'Borderline high' - what does it mean?

I recently went to my doctor because I was suffering from palpitations. I've had these before, a few years ago, but my heart checked out OK then. The doctor sent me for blood tests, including thyroid function. When I got the results I was told that this was 'borderline high' and I've been asked to go for a repeat test in three months.

I've put on weight in the last twelve months, having been the same weight up to now for a number of years. But otherwise I seem to have a few symptoms of hyperthyroidism, including anxiety and a general feeling of 'jitteriness' and irritability at times. I also get double vision sometimes, if only briefly, when I've been bending my head to focus on something I'm reading and then look up. (I mentioned this to a doctor about a year ago and was told it was a kind of 'postural vertigo'.) I'm sleeping less than I used to, and often wake up in the early hours and find it hard to get back to sleep. The palpitations sometimes keep me awake, or I wake up from a dream with my heart pounding.

I'm seeing the doctor again next week with a view to getting something to ease the palpitations, and will ask more questions about the blood tests. In the meantime I would be grateful for any information anyone here can offer.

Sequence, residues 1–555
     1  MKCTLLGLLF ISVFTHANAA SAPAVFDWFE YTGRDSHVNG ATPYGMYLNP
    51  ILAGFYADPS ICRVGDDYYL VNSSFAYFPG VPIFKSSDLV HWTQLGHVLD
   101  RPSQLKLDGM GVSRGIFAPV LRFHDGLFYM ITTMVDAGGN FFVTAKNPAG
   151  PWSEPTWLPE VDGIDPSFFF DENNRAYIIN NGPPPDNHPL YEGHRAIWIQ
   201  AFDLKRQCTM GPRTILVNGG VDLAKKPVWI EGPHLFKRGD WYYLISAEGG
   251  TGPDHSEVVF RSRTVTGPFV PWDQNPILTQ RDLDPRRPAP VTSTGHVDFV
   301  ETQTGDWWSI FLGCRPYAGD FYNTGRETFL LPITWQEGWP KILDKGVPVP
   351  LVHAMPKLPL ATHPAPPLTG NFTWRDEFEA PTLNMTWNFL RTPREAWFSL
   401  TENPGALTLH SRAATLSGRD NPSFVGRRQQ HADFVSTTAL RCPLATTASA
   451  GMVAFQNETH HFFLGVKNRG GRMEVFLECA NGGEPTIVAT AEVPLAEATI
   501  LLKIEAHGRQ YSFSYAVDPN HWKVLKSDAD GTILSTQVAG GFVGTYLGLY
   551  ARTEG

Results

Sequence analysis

Thanks!

4 Replies

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  • Please help us to help you. You really need to get the actual blood test results - very importantly including reference ranges. Have a look here:

    thyroiduk.org.uk/tuk/NHS_In...

    If you are only a little bit hyperthyroid then it could be reasonable to at least give you some Propranolol (a beta blocker which both helps to prevent the palpitations and also can help to reduce some thyroid hormone levels).

    Rod

  • Thanks for your reply, I will ask for the full results when I next see the doctor. I am familiar with Propranolol, having been prescribed it in the past for anxiety. The blood tests I am to have next time are TSH and 'TSH not on T4'. I have no idea what the latter means despite extensive googling. Time for some searching questions I think!

  • What that means is simply that you are not taking levothyroxine so, when they see the TSH result, they should interpret it with that in mind. This might mean that they also do a Free T4 test - but might not.

    (T4 is the short way of referring to levothyroxine - whether it comes from your thyroid or from a tablet!)

  • OK, I see what you mean. Thanks again, and I will no doubt be back after seeing the doc!

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